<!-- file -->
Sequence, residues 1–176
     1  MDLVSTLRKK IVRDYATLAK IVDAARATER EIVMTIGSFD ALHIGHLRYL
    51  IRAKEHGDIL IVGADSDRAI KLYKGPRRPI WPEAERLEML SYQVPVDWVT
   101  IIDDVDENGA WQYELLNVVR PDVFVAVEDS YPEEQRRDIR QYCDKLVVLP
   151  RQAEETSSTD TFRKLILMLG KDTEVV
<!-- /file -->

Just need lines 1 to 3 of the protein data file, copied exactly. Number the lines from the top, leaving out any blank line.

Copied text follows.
Sequence, residues 1–176
     1  MDLVSTLRKK IVRDYATLAK IVDAARATER EIVMTIGSFD ALHIGHLRYL
    51  IRAKEHGDIL IVGADSDRAI KLYKGPRRPI WPEAERLEML SYQVPVDWVT